Xoma staffers form biotech startup to advance blood pressure med

Xoma has chosen a new home for a fixed-dose combination product for reducing blood pressure, transferring the asset to the startup Symplmed Pharmaceuticals in exchange for equity in the new company and up to double-digit royalties on potential U.S. sales.

Former Xoma ($XOMA) employees formed Symplmed after leading development of the combo hypertension treatment, which includes the generic ACE inhibitor called perindopril erbumine and amlodipine besylate. Xoma picked up rights to the combo in early 2012 and reported data from an 837-patient Phase III study in November, saying that the combo reduced blood pressure better than either of the two individual drugs alone.

Xoma had expected to find a partner to commercialize the combo treatment, which the French drugmaker Servier already markets in 91 countries outside the U.S. under the name Coveram. One theoretical partnership scenario involved a suitor with a commercial cardio drug business, which could pay Xoma a nice upfront fee and later rewards to acquire the asset. Yet this never materialized.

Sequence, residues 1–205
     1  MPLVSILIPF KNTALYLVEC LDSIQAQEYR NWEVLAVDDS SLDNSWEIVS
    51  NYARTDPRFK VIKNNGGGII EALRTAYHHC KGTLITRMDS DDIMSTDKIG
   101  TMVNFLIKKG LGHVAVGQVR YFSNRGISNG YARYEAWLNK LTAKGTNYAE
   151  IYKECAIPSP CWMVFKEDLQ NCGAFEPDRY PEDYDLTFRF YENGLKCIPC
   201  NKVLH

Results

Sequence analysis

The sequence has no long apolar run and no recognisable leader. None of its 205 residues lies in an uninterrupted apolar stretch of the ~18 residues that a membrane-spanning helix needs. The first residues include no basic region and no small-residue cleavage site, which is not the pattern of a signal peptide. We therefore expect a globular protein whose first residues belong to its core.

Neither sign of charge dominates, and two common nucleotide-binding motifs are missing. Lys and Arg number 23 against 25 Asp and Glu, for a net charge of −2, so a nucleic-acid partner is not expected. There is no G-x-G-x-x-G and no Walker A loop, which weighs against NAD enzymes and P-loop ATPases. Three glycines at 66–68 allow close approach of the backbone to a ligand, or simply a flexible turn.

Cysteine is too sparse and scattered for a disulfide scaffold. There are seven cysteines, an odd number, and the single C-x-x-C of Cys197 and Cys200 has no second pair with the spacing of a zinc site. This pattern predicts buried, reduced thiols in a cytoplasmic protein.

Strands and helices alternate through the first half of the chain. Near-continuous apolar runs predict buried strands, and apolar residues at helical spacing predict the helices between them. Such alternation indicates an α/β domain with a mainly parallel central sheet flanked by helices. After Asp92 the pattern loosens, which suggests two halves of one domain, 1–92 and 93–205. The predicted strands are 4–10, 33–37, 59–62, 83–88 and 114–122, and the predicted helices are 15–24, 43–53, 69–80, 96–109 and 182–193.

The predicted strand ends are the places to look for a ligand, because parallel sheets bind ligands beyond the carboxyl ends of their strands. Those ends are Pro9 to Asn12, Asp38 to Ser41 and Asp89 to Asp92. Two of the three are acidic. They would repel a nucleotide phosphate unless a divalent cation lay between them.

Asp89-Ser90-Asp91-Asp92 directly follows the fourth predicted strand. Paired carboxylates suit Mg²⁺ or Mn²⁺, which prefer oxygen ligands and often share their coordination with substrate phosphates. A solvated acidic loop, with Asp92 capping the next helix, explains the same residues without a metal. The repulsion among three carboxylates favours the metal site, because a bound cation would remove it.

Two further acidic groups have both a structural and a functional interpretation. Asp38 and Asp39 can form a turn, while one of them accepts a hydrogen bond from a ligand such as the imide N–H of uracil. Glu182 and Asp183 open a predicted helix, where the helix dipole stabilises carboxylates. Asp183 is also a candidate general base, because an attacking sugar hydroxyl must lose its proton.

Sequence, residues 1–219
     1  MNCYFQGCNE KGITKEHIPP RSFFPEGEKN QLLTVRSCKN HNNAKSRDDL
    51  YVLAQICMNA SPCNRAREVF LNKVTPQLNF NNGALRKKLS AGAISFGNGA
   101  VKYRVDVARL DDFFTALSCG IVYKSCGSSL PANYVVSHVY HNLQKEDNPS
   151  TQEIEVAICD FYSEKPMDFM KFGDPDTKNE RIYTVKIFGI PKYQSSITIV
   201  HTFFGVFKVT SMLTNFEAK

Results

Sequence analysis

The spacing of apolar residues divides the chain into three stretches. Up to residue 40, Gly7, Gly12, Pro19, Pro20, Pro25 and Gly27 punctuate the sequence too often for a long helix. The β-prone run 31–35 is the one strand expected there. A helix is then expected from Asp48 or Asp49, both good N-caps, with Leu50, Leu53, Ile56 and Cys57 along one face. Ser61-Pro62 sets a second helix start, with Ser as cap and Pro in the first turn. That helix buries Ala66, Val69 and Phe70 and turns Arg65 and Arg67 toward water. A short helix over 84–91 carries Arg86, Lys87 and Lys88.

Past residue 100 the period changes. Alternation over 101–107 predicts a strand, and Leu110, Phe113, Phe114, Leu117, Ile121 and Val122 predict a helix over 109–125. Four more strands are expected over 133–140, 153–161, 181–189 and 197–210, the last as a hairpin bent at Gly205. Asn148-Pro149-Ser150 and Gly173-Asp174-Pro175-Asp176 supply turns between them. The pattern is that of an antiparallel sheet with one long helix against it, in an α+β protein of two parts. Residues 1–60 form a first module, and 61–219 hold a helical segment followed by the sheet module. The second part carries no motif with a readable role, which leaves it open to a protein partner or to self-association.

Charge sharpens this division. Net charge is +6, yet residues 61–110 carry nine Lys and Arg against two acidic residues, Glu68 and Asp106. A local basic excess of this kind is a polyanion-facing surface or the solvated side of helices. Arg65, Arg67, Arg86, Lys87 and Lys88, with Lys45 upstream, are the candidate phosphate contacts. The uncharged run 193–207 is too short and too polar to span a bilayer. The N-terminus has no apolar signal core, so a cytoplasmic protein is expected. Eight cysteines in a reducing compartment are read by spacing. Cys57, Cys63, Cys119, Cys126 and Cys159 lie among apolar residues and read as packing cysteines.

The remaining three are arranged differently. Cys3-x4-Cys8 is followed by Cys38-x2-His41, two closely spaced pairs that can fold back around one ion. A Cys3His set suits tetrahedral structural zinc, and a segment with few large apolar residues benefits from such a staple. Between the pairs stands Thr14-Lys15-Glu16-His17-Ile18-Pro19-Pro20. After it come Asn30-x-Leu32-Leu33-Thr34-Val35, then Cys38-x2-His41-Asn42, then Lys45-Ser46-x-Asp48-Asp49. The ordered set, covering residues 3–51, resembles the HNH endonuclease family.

Under the leadership of ex-Xoma staffers Erik Emerson and Dr. Jeffrey Feldstein, Symplmed has taken over full financial responsibility for the program from Xoma, which has no further financial obligations for advancing the combo. Emerson, the startup's CEO, and Feldstein, who is its medical chief, aim to advance an application for FDA approval by the end of the year.

"Erik and Jeff have demonstrated strong dedication to the perindopril franchise and are leaving XOMA to launch Symplmed and move the franchise forward in a focused manner," Xoma CEO John Varian said in a release. "This structure provides Xoma the opportunity to share in their success, while retaining our focus on developing innovative therapeutic options for the specialist prescriber under the leadership of Tom Klein, our newly appointed chief commercial officer."

Symplmed has gained a sublicense to take over U.S. commercialization of perindopril erbumine, which is marketed as Aceon. The ACE inhibitor became generic in the U.S. in 2009.

- here's the release
- see the article from the San Francisco Business Times

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